Despite the importance of education and skills-building for both immediate support and protection, as well as for longer-term livelihoods opportunities, children—particularly girls—are frequently kept from school or other educational opportunities in order to collect firewood for their families. Children are also kept from school because they are an economic lifeline to displaced families with few other income opportunities, and because families often cannot afford to pay their children’s school fees. The grandmother of an eight-year-old girl told the United Nations Children’s Fund (UNICEF) in Senegal: “If she goes to school, we can’t eat.”
When schools began opening in post-earthquake Haiti, many parents – who had lost their jobs and were surviving on $5 per day payments from the UN for clearing rubble – had to choose between paying their children’s school fees or buying charcoal to cook.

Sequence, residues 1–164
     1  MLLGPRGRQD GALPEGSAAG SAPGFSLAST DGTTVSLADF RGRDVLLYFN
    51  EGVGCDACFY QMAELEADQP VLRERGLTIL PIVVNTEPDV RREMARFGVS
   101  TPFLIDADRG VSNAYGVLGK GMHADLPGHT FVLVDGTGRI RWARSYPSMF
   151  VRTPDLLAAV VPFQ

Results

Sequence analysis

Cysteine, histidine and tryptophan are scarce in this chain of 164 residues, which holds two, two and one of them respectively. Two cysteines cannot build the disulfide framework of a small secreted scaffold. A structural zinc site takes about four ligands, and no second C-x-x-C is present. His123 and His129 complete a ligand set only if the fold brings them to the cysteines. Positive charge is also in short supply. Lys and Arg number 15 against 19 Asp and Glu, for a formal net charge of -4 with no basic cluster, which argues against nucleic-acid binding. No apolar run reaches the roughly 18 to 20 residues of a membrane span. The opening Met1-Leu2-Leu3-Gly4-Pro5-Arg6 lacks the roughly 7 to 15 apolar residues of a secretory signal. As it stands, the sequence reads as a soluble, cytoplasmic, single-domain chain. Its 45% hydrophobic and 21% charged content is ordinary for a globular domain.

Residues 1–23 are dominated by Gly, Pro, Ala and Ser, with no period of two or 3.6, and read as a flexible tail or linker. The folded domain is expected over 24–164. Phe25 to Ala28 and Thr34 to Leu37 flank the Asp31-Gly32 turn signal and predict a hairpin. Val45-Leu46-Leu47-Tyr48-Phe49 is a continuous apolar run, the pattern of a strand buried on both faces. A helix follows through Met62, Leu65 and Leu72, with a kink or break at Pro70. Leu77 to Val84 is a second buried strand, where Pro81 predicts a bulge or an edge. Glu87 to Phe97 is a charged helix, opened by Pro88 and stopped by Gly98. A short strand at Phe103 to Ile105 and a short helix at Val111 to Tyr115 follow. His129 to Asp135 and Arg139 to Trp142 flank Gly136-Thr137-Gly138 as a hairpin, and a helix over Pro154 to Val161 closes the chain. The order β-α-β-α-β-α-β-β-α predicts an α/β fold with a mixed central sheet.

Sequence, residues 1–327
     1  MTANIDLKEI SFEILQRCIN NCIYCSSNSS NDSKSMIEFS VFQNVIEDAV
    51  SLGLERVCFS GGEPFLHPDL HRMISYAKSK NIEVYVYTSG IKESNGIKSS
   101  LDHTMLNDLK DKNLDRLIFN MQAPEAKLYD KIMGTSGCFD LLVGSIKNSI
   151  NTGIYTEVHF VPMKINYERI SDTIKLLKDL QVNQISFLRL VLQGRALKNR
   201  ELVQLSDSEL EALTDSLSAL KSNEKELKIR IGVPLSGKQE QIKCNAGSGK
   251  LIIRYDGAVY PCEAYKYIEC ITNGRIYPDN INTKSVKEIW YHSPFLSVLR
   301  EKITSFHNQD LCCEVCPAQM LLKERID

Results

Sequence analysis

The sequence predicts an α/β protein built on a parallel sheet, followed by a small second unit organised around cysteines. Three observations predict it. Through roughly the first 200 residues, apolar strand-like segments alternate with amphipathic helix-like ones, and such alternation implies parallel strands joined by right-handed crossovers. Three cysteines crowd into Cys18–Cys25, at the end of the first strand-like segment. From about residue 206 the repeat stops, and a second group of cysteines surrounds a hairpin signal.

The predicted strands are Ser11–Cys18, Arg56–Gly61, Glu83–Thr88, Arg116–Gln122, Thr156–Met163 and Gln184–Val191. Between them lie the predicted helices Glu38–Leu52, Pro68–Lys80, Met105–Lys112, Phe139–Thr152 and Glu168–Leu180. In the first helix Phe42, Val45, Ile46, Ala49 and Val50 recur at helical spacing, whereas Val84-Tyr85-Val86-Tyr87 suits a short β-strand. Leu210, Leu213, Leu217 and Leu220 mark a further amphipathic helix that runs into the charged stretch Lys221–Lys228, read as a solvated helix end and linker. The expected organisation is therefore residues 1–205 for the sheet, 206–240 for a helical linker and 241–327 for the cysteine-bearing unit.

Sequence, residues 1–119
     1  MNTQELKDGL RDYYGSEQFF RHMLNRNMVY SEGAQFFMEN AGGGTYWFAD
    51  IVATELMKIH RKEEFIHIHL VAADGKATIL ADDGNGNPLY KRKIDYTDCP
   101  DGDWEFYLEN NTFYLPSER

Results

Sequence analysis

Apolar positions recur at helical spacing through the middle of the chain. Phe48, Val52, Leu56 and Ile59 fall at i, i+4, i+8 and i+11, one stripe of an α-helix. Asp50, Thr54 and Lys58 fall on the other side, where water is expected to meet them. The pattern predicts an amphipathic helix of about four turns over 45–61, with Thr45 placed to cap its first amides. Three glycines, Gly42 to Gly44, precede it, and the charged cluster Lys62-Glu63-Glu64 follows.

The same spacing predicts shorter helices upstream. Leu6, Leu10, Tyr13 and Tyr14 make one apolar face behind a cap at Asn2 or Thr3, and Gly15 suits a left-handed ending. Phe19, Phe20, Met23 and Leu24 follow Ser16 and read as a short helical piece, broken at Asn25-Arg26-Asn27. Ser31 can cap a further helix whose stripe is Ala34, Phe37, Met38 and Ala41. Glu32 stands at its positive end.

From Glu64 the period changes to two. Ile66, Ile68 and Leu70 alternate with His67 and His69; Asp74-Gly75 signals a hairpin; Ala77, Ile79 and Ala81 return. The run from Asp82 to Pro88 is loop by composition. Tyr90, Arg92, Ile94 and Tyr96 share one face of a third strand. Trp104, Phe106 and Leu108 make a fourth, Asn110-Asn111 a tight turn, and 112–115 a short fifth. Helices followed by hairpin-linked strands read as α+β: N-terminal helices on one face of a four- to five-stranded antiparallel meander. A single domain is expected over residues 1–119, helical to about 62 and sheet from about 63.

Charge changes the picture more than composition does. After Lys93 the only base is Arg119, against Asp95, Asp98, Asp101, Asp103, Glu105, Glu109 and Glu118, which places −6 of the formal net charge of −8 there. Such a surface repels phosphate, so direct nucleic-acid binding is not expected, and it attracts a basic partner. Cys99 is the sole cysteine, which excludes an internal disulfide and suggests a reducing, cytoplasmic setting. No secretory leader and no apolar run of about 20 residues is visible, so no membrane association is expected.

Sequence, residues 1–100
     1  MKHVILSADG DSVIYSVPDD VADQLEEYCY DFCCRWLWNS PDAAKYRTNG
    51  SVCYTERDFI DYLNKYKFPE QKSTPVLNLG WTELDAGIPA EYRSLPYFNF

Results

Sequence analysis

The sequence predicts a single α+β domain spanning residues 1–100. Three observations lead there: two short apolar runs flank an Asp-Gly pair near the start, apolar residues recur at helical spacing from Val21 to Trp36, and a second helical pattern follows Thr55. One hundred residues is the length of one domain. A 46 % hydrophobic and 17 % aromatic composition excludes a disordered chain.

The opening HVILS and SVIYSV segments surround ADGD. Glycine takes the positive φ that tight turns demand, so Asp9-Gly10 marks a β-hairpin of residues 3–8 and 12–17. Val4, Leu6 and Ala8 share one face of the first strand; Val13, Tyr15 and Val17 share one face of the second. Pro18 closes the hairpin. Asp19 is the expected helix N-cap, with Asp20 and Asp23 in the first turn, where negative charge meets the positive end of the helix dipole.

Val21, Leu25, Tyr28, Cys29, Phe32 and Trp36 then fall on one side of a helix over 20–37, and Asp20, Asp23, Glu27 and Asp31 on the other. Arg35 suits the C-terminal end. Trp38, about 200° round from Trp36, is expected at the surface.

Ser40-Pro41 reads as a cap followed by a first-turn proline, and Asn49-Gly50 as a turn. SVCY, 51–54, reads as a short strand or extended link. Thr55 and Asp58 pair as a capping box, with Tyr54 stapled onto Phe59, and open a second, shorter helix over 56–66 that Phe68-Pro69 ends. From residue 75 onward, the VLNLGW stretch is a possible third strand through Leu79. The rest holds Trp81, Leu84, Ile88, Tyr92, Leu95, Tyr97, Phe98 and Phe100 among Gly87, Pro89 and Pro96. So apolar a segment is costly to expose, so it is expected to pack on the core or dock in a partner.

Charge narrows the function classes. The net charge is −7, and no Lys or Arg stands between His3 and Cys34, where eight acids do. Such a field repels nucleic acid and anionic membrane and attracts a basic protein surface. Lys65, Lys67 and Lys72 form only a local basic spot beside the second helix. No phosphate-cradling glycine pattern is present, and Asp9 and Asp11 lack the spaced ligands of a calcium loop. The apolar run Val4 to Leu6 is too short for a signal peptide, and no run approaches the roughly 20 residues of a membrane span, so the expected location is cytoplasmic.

School meal programs play a key role in enhancing the nutritional intake of schoolchildren who may otherwise be forced to skip lunch. They also reduce the burden of feeding children at home and can encourage parents to send their children to school. However, schools often use firewood to fuel inefficient open fires or traditional cookstoves to cook for hundreds of children at a time. In some cases, families are required to contribute firewood or cash to these programs – if they are unable to, their children may be forced to miss class or the meal. WFP Kenya, for example, found that some schools charged 2 shillings a day if a child did not bring firewood for the lunch meal.1
The use of improved institutional cookstoves and alternative fuel in school feeding programs can reduce the amount of firewood required to feed crisis-affected children, and individual fuel-efficient cookstoves can reduce usage at the household level. Other domestic energy technologies, such as solar lamps, can also improve education by allowing children to study in the evening. These technologies, in combination with sensitization and educational campaigns, could potentially improve the education and lives of children in humanitarian settings.
1 World Food Programme. Impact Evaluation of WFP School Feeding Programmes in Kenya (1999-2008): A Mixed-Methods Approach. 2010. http://documents.wfp.org/stellent/groups/public/documents/reports/wfp219433.pdf